There was a sense of community, where people knew each other and ran into each other regularly on busy Main Streets, then lined with thriving and locally-owned shops and full of pedestrians. Main Street was alive with knots of people talking and laughing, many of whom had known each other all their lives.

Every Main Street had a drug store that had been there forever and an old pharmacist who had been filling prescriptions for everybody for as long as anyone could remember. Same with the breakfast place where regulars gathered daily and lingered, gossipping, on weekends. Same with the grocery story, the fish market, the hardware store, the doctor's office.

The same people met regularly at the same familiar places and saw the same familiar faces, replenished from time to time with a "stranger" just moved in. After suspicious looks, after being put through the third degree, the stranger would gradually and inevitably be found to have a common spark of humanity --- and be welcomed as a neighbor and friend. These human connections all came about naturally.

Today, we're so socially disconnected that if we want to make a friend, we have to "reach out." We join a dating service. We take up golf or join a fitness club. We darken the inside of a church. We go out at night and become wallpaper at a loud drinking and music joint. We join a self-help group.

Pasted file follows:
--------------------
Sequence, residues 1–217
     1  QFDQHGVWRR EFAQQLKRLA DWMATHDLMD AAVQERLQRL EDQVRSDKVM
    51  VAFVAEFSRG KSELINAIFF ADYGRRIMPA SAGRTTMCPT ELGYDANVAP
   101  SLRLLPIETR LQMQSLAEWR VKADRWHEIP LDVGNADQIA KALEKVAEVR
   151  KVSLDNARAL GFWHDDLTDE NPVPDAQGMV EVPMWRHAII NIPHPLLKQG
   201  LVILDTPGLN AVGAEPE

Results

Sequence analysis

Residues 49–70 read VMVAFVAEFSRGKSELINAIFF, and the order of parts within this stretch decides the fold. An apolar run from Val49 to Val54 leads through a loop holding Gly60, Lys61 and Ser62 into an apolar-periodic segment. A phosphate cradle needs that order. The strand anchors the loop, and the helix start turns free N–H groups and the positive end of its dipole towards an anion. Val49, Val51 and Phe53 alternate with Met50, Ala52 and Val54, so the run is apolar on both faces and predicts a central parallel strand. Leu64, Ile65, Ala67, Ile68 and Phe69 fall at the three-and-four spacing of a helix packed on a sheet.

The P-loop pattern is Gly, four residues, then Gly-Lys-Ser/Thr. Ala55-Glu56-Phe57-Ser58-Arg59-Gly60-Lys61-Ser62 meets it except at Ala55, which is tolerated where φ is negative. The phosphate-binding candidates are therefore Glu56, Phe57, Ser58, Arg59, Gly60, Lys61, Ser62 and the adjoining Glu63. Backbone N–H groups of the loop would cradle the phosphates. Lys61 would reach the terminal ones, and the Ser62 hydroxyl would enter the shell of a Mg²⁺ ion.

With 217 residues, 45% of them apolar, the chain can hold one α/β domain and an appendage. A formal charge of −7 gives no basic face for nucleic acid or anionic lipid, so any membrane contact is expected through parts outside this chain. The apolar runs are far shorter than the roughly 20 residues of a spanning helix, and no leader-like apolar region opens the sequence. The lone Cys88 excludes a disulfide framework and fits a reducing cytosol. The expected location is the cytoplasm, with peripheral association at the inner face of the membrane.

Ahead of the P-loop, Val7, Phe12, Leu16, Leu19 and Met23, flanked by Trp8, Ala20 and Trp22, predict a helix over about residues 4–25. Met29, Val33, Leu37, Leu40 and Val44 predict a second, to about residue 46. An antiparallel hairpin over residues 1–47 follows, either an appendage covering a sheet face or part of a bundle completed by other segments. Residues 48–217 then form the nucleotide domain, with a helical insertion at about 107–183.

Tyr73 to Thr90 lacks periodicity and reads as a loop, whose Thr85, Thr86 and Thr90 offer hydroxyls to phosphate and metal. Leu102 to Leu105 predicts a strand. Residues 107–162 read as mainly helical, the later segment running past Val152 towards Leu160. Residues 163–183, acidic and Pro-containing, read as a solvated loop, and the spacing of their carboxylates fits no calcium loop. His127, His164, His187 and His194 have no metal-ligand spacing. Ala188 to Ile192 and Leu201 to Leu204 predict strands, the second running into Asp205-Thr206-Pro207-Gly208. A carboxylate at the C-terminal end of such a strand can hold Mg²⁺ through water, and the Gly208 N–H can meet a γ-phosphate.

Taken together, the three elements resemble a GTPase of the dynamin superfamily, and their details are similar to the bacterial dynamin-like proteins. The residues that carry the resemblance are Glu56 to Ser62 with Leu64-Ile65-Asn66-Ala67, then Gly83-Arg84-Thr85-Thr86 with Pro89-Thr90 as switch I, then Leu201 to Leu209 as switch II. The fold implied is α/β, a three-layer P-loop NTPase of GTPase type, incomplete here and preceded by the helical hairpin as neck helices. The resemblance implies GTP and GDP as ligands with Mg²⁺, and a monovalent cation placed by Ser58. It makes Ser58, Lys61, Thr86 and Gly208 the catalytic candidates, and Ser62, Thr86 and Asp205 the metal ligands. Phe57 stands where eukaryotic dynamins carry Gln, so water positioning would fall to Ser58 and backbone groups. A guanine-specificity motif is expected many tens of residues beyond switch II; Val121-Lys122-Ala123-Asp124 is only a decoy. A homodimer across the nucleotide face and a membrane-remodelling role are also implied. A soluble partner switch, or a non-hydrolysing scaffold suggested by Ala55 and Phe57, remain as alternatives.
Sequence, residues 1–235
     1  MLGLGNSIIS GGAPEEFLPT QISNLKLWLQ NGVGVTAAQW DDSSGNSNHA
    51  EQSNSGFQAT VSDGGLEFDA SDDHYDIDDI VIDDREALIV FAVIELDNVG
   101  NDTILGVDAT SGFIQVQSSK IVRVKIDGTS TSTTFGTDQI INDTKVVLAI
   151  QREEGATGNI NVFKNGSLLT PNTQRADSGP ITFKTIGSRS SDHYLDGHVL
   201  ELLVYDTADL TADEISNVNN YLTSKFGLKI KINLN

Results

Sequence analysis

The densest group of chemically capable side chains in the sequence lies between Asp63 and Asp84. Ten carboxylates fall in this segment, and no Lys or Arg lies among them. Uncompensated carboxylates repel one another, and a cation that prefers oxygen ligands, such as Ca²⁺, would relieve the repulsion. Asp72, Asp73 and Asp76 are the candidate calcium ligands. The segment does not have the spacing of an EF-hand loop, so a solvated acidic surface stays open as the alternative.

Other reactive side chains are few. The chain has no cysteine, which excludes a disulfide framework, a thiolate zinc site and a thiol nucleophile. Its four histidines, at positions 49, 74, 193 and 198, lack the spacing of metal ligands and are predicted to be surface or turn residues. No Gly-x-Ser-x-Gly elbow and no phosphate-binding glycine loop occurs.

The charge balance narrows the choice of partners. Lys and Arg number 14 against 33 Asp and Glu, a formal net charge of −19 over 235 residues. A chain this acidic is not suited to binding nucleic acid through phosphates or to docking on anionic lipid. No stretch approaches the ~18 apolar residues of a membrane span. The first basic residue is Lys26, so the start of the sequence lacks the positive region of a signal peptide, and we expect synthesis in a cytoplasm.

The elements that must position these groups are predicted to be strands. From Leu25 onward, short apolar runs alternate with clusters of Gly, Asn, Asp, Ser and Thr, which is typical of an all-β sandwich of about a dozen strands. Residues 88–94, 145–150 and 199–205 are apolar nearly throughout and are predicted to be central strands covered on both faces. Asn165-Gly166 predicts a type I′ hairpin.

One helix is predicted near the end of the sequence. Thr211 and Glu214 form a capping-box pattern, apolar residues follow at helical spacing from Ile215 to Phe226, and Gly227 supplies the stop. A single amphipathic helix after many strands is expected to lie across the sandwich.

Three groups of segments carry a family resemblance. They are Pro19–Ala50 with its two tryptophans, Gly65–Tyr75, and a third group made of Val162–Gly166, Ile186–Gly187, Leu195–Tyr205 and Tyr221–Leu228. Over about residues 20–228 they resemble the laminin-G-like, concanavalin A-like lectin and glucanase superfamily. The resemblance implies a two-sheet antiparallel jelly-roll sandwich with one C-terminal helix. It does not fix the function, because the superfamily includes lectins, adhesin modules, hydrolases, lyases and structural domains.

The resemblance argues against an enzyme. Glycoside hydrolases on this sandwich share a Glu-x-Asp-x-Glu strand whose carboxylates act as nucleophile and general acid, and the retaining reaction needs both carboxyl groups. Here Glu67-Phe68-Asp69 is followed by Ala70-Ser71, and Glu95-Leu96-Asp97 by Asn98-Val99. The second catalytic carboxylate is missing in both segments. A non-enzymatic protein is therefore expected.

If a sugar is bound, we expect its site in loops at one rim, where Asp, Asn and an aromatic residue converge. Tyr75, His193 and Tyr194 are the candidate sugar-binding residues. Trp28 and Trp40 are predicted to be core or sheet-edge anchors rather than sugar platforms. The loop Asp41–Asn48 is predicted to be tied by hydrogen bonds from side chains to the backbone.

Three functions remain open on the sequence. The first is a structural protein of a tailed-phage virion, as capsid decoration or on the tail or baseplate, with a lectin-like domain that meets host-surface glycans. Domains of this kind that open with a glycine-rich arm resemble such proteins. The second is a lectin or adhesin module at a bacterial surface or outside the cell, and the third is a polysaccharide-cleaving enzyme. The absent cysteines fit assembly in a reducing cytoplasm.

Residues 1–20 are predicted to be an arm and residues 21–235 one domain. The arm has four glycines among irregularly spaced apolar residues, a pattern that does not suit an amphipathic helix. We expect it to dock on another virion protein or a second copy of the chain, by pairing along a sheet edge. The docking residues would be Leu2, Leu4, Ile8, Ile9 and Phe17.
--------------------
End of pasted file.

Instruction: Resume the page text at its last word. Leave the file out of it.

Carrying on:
We're super-connected by e-mail, instant messaging, cable TV, I-Pods, video games, big-screen home movies but disconnected from live people. To find someone who is friend material, we have to step out of the digital world and go hunting human beings in a socially fragmented jungle.

Eye contact? What's that? I often walk around nearby Worcester State University. Although there are lots of young people going to and from classes, you hardly ever see them talking to each other. They're all talking on cell phones or are listening to their favorite music on their I-Pods. It is not uncommon for incoming freshmen to stay in their rooms interacting with their computers instead of taking part in activities and getting to know other students.

I walk by them and they don't even see me, much less say something to me. I am invisible. I used to say "Good Morning" or "Good Afternoon," but -- if they actually heard me -- all I got back was a why-are-you-bothering-me look telling me that I am soooooo last century.

It's not their fault. It's how we brought them up. Because we had to work like slaves in order to move up the ladder and get the big house in the nice neighborhood so they could have the best, we didn't have time for them.

We spent more time in our cars than with our kids. Even our scheduled "quality" time with them was rushed, what with the killer commute and working nights and weekends.

And then there is the schedule, the detailed plan for how every minute of every day WILL be spent, no excuses accepted. These kids, so tuned in to communication technology but so tuned out to other human beings, have grown up being ruled by the almighty schedule.